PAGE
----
While feral pigeons tend to get a bad rap in cities across the world, one team of researchers are enlisting the help of birds in New York City to learn more about lead pollution and children’s susceptibility to it. An ongoing problem (though NYC has put in many successful measures to curb it), lead in the blood can be critically detrimental for child development. “Little is known about the effects of low amounts of lead on human health, but recent studies have shown that lead is harmful at all levels –no matter how low– affecting intelligence, neurodevelopment, social skills, and memory,” explain Rebecca Calisi, assistant professor in the Department of Neurobiology, Physiology and Behavior at the University of California, Davis, and undergraduate student Fayme Cai, in their recently published study.
Given the fact that urban pigeons breathe the same air, walk on the same streets and, often, eat the same food as urban humans, the pair of researchers figured that our feathery neighbors would suffer from the same toxicity as us. In other words, they propose that urban pigeons could serve as timely, accurate and abundantly available bioindicators. “The combination of densely-packed buildings, an abundance of food, and ample greenery, such as that found in Central Park, make NYC an ideal feral pigeon habitat. Compared to many other urban organisms, the pigeon’s relatively long lifespan and hardiness, combined with its close relationship to humans, make it a suitable bioindicator, offering up the potential to gauge adverse environmental conditions that may affect humans and other wildlife,” reads the study.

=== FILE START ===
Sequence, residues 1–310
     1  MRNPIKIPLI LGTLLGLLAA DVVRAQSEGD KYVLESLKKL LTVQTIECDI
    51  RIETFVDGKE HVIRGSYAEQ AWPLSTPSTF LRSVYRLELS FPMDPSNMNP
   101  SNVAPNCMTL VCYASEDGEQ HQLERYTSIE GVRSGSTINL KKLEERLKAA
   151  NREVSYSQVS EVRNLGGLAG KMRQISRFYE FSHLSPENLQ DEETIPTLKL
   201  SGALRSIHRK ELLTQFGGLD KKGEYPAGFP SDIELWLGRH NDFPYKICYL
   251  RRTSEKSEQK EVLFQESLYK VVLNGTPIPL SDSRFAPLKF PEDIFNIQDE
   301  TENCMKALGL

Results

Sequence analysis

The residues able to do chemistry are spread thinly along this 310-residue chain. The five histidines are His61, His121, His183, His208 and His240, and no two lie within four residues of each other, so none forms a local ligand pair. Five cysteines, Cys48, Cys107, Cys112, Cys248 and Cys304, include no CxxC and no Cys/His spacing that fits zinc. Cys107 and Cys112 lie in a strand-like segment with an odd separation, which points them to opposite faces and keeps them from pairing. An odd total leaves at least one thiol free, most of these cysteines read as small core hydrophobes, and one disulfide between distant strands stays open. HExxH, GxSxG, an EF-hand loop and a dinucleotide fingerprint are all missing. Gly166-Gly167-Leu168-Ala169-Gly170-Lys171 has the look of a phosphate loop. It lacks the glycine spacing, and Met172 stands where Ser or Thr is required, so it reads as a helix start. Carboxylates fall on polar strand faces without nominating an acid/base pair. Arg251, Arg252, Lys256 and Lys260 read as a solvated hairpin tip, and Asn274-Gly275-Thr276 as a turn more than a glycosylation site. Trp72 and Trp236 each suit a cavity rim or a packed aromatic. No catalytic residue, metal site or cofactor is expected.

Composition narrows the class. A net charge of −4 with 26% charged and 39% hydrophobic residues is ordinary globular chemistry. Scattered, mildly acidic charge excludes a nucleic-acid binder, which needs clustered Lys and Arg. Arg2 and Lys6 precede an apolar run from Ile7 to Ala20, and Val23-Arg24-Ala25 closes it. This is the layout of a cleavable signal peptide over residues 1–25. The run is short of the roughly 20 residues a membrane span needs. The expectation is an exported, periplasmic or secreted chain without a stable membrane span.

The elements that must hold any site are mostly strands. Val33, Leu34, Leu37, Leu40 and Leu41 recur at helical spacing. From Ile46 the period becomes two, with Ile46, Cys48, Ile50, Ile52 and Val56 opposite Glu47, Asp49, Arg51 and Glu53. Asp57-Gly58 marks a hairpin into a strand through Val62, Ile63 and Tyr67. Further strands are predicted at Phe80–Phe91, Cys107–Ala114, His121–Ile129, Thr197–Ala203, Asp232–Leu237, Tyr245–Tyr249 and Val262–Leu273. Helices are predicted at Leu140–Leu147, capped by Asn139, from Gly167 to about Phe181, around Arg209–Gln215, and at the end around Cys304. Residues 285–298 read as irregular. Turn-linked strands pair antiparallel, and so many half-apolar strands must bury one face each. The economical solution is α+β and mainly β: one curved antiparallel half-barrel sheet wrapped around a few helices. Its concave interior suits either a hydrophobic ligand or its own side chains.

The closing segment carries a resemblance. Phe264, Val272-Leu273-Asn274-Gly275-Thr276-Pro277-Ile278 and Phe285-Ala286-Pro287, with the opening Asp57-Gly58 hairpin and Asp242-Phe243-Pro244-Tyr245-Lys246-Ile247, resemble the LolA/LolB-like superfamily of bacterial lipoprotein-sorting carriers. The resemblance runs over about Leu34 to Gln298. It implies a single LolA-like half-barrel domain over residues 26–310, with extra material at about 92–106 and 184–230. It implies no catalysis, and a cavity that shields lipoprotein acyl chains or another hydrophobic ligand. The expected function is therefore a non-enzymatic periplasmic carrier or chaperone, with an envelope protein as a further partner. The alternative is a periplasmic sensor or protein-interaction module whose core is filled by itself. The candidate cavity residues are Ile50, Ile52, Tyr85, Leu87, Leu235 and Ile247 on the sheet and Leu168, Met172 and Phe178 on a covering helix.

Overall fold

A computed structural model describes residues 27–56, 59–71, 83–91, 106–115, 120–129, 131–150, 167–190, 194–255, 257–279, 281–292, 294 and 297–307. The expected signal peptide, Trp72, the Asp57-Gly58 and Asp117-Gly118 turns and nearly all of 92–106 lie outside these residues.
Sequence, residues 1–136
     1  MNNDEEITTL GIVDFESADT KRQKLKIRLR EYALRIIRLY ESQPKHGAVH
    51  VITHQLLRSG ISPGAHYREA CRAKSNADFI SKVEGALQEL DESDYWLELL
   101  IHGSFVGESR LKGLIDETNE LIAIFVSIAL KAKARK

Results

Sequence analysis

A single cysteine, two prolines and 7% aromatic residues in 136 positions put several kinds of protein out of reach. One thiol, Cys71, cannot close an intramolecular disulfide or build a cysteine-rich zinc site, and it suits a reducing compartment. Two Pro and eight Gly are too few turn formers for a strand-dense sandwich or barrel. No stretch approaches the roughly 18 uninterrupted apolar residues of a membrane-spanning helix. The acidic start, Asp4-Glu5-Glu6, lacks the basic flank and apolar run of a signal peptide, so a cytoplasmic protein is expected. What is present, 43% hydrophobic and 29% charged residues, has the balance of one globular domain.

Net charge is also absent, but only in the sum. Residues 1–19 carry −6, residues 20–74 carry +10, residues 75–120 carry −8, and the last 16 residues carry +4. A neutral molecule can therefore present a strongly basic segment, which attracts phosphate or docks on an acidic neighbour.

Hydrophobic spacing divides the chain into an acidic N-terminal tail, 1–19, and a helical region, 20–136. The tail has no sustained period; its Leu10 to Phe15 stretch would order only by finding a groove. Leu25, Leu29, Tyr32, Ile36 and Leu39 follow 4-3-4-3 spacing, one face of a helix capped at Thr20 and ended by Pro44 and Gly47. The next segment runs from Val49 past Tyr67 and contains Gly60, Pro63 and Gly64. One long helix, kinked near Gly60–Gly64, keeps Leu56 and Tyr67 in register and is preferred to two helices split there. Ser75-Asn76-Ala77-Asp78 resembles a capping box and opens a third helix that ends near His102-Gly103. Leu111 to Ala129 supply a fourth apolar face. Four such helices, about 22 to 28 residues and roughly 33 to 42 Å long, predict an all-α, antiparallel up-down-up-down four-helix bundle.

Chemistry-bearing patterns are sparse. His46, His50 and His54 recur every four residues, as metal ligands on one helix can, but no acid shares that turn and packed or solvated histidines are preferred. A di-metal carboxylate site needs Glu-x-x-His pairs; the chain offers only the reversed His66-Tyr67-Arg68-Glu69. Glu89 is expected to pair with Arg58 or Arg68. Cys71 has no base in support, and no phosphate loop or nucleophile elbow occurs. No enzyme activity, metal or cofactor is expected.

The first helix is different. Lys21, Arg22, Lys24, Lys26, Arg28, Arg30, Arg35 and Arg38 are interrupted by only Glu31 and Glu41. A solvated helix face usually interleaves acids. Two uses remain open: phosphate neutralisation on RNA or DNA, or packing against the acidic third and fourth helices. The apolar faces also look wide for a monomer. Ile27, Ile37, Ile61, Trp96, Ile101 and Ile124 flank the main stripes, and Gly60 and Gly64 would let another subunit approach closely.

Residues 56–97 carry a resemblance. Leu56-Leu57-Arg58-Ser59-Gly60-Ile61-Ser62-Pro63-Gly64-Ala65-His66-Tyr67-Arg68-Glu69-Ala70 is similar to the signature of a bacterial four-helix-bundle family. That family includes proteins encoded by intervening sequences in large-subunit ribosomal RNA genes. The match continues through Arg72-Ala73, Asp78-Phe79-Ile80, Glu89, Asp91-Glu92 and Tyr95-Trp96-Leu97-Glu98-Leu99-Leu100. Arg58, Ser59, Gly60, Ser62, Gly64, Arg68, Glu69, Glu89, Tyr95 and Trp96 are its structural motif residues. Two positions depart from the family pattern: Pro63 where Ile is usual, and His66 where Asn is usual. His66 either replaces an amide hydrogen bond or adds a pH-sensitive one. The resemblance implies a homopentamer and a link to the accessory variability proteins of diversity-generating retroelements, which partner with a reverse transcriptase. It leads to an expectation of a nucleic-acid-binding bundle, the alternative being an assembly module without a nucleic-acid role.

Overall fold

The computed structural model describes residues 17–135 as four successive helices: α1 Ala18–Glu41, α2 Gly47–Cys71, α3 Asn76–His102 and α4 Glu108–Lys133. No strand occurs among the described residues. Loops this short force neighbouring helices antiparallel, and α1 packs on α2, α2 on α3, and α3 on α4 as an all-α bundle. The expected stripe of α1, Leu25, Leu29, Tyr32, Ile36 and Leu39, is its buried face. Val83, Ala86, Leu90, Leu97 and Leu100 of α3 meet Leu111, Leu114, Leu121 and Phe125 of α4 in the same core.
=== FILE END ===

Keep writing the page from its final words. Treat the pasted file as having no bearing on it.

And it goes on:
To set about proving their hypothesis, Calisi and Cali took blood samples from 825 pigeons at NYC’s Wild Bird Fund where citizens often take visibly ill or injured birds. Between 2010 and 2015, the team set about analyzing the blood samples, categorizing them by the Manhattan neighborhood the pigeons were found in and seasonally, with birds tested in winter, summer, spring and fall. Immediately, their findings proved the efficacy and accuracy of pigeons as bioindicators – blood samples from birds correlated positively with elevated lead rates in children in the same neighborhoods.
Similarly, and like what has been witnessed in children, lead levels rose significantly in the summer. Lead levels are typically higher in children during the summer months due to more outdoor activity taking place during vacations, and rising temperatures which lower the humidity of soil and thus make it easier for lead to escape from it.
While “[y]ear and neighborhood did not significantly predict blood lead levels”, there were, however, areas of NYC that presented much higher lead toxicity than others. Pigeons from the Soho/Greenwich Village neighborhood had on average the highest levels of lead in their blood, followed by pigeons from Lower Manhattan/Lower East Side and then Upper West Side